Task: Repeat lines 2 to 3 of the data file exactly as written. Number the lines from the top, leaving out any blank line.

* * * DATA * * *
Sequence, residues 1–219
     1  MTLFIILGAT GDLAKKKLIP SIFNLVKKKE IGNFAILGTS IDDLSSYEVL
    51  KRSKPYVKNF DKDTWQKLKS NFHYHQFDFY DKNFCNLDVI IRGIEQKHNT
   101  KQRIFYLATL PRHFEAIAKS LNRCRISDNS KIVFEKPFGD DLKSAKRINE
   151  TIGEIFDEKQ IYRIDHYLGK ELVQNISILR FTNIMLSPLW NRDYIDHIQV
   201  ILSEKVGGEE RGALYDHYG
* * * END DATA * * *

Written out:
     1  MTLFIILGAT GDLAKKKLIP SIFNLVKKKE IGNFAILGTS IDDLSSYEVL
    51  KRSKPYVKNF DKDTWQKLKS NFHYHQFDFY DKNFCNLDVI IRGIEQKHNT